Today, July 9th would have been my Dad’s 104th birthday, and so, in his honor I give you… roasted beets. (Just kidding. Dad really did not like beets one bit. As kids, we sometimes threatened to “hide” them in his mashed potatoes, thereby tricking him into eating beets, Ahhh kid-logic. It never occurred to us that the bright red beets might be quite visible in those creamy mash potatoes.)
Roasting beets can be a really messy prep. My modus operandi is generally to peel the beets before roasting which always resulted in a bit of a mess: stained hands, stained cutting boards, stained EVERYthing. Despite that inconvenience, I love the darn things, raw or cooked, and so I continued to put up with the messiness.
Recently I came across an easier and foolproof way to roast beets. Here’s it is:
- Preheat the oven to 400 Fahrenheit. (Also good is to oil a dutch oven with a lid – more cleanup but also more environmentally friendly)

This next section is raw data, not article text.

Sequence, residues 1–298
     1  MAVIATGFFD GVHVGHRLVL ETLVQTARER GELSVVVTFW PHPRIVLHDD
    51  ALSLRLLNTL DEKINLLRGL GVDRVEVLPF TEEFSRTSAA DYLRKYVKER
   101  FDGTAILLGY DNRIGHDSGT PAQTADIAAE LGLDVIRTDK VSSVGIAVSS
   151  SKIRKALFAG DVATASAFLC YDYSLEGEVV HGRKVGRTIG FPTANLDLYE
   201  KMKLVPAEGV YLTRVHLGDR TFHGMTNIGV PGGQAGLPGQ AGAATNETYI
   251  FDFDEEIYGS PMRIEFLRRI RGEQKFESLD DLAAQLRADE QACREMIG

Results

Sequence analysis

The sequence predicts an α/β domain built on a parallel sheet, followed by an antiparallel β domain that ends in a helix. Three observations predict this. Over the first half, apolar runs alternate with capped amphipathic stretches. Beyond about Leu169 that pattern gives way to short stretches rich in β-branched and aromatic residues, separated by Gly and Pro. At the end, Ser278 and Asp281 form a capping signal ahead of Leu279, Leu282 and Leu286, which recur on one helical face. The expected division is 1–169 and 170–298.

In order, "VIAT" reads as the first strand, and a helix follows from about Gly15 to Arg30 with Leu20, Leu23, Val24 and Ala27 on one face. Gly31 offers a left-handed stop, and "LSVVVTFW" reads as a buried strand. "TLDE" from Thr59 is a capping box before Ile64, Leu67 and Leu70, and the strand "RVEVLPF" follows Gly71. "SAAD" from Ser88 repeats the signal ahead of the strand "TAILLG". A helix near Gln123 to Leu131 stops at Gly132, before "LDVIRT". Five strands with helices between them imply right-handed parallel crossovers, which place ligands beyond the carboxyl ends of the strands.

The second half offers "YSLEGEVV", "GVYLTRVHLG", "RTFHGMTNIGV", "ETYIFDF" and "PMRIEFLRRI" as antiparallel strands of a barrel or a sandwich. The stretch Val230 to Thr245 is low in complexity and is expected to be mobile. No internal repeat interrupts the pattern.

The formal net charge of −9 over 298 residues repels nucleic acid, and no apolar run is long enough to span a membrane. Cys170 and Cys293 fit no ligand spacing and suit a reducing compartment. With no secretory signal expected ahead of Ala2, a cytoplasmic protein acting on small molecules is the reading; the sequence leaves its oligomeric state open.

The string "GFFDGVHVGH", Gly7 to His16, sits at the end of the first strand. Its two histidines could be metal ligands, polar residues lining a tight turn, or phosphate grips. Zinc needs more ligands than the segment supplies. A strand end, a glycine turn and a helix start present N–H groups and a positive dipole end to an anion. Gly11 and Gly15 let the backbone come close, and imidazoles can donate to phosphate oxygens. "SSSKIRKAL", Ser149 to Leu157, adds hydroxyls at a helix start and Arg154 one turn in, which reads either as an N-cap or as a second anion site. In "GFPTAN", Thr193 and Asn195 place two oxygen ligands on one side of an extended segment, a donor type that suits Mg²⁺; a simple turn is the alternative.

- Scrub and trim the greens from the beet roots. Use the greens as you want – but make sure to scrub those beets well.
- Oil the beets (skin on) lightly and sprinkle with salt. I put a bit of olive oil on my hands and rub the outside of the beet.
- Wrap the beets in foil packet OR (see above) place in a single layer in the dutch oven with the lid on. The main idea here is to keep the beets in a single layer.
- Pop the pan into the preheated oven. If wrapping the beets in foil, putting them on a baking sheet makes it easier to pull in and out of the oven.
- Depending on the size of the beets, roasting can take 25 minutes (small beets) to an hour (larger beets). Check for doneness from time to time – they’re ready when you can stick a sharp knife through them with no resistance.
- Let the beets sit until they are cool enough to handle. I usually use a paper towel or sharp paring knife to slide the skins off the beets. (Your fingers could still sport that beautiful red color so wear gloves if you wish).
- Trim away any extra root or stem and slice them up (or leave whole and refrigerate for when you want to use them).
This recipe for Roasted Beet, Caraway, and Crème Frâiche Salad with Arugala, from Melissa Clark‘s Dinner in French (pictured above) is a great way to make an elegant salad with beets as the main character.